MyVidster posts thumbnails and links to videos that are hosted or posted on other sites. Flava has sued and acquired a preliminary injunction preventing MyVidster from posting thumbnails and links to Flava’s adult videos. Flava complied with the DMCA and sent pull down notices that it alleges were sometimes complied with by MyVidster.
This lawsuit breathes new life into the indirect infringement and vicarious infringement doctrines, because MyVidster does not host of any of the videos that are played or posted by its users. Its users however are able to play the video using MyVidster’s thumbnails. Judge Grady granted Flava an injunction after a two day evidentiary hearing that provided testimony from Phillip Bleicher regarding the following: 1) repeated pull down notices that were not complied with; and 2) repeat offenders that posted links to Flava’s copyrighted content.
MyVidster asserted that Flava could have the copyrighted content removed by going to where the video is hosted. MyVidster has found its appeal of Judge Grady’s preliminary injunction ruling to be supported by Google and Facebook. On the other side, the American Motion Picture Association has supported Flava’s brief in support of the Preliminary injunction ruling.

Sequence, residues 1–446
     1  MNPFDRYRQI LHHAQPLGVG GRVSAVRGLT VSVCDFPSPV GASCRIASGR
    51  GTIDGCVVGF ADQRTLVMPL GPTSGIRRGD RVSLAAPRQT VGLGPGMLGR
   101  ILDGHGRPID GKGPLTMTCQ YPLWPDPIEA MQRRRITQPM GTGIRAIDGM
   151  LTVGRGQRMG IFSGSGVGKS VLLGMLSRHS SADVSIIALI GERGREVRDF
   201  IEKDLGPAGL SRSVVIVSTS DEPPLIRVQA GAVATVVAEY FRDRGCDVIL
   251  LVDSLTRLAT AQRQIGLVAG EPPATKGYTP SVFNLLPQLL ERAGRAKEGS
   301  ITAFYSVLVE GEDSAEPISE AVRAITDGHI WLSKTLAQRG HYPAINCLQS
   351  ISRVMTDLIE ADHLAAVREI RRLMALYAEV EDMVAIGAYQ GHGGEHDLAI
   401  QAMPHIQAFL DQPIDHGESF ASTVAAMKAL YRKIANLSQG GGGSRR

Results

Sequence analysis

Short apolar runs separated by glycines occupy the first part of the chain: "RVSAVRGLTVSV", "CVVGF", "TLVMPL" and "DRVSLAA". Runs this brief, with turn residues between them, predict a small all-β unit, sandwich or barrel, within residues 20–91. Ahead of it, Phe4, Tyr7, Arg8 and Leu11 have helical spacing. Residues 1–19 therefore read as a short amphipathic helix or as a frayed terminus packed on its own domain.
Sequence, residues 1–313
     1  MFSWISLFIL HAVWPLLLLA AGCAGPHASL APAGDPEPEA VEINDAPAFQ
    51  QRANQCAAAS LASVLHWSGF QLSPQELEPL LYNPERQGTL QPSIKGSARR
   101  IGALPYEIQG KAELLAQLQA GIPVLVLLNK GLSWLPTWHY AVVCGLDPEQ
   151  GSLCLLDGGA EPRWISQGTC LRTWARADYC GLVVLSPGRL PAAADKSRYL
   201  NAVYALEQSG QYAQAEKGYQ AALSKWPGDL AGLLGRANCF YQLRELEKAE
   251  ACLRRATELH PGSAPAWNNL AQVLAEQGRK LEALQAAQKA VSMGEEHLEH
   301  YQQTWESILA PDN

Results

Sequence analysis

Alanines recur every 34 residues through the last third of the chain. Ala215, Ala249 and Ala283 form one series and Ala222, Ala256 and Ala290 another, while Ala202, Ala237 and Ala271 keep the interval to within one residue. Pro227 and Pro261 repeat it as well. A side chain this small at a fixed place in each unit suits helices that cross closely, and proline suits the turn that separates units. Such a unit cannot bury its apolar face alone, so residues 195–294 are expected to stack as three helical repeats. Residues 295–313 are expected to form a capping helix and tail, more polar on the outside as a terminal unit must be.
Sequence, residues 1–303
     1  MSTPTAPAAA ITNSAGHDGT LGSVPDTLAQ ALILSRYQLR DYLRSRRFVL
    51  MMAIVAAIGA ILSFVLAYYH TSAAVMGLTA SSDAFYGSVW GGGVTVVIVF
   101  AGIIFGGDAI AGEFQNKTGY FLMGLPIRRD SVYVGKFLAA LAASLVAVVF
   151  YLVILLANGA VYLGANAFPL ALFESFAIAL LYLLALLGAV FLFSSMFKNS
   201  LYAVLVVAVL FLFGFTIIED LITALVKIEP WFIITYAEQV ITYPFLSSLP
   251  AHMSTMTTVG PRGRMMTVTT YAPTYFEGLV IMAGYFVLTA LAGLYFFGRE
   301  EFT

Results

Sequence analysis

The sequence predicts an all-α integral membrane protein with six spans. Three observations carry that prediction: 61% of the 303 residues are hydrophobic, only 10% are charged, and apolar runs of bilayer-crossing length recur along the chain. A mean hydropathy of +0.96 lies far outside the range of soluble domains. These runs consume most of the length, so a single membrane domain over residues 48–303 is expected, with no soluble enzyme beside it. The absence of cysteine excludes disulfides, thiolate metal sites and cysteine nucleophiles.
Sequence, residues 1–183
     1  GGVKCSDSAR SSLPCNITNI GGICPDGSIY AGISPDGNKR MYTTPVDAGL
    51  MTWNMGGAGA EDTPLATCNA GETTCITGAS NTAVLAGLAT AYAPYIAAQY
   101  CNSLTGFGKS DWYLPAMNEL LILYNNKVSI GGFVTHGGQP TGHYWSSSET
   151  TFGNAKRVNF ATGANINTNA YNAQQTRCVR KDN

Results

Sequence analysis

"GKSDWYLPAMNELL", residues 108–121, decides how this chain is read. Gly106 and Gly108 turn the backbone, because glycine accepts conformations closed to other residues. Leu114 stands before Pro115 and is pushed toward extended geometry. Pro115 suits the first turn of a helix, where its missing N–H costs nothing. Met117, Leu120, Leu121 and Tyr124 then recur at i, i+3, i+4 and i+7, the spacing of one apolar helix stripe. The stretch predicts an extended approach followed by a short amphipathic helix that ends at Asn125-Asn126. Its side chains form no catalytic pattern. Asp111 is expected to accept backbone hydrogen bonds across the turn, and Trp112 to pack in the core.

The key questions is can a website that does not host the videos, but provides links to sites or thumbnails be found liable under indirect and vicarious copyright infringement. The answer according to Judge Grady is yes. Now, should MyVidster be enjoined and found liable will have to be decided by the Seventh Circuit.
Numerous policy issues are implicated including Google and Facebook claiming that the ruling may inhibit the development of the web and other potential Googles and Facebooks. The Seventh Circuit finds itself in the position of making some new law that may implicate the development of the web and video websites.